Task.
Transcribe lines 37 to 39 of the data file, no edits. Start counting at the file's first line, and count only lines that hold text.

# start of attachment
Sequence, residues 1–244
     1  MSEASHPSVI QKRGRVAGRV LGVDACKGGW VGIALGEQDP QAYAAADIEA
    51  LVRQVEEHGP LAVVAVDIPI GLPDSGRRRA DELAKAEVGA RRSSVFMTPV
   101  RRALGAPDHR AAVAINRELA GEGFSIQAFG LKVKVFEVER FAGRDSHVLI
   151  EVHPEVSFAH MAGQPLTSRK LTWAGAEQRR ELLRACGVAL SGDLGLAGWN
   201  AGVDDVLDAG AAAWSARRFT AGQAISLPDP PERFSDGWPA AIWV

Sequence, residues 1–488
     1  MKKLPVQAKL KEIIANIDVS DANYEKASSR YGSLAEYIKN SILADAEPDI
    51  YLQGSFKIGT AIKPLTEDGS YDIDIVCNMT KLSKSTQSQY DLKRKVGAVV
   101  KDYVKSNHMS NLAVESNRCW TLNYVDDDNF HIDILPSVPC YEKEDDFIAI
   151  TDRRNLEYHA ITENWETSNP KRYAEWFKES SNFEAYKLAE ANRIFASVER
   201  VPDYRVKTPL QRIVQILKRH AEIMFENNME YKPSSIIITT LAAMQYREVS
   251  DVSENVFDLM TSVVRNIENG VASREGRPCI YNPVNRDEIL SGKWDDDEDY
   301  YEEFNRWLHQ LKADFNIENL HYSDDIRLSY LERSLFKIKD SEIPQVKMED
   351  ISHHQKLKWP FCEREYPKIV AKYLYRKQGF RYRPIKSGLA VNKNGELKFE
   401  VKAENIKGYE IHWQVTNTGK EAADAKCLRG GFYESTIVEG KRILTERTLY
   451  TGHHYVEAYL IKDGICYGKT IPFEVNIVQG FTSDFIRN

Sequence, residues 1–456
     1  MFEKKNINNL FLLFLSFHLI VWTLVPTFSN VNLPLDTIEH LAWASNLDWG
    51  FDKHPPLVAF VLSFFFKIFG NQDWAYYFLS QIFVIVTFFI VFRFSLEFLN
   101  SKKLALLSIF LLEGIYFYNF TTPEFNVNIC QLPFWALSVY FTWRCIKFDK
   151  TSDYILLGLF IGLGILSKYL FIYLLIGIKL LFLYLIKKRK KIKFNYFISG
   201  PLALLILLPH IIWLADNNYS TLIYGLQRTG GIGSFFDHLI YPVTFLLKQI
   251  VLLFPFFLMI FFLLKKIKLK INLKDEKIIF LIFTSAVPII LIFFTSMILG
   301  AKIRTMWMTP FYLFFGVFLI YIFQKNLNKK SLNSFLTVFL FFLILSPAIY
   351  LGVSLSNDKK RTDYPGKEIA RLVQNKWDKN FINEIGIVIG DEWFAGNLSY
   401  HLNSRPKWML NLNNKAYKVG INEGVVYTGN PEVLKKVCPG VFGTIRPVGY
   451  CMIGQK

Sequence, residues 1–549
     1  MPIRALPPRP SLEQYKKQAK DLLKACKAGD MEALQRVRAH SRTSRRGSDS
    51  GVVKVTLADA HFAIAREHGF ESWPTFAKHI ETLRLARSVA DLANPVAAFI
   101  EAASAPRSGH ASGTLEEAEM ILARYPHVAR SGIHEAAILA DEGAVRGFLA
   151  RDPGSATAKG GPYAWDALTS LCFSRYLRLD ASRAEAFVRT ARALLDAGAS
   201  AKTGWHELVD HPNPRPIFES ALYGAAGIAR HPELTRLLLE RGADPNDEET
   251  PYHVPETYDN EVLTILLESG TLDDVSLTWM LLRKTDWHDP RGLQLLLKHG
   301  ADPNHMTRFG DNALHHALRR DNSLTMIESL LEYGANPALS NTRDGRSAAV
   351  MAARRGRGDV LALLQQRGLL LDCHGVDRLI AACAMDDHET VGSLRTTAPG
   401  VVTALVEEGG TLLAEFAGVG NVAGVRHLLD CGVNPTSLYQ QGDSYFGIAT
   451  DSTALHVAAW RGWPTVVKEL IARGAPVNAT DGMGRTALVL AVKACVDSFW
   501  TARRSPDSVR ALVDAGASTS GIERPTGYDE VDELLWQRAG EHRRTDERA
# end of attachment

   351  MAARRGRGDV LALLQQRGLL LDCHGVDRLI AACAMDDHET VGSLRTTAPG
   401  VVTALVEEGG TLLAEFAGVG NVAGVRHLLD CGVNPTSLYQ QGDSYFGIAT
   451  DSTALHVAAW RGWPTVVKEL IARGAPVNAT DGMGRTALVL AVKACVDSFW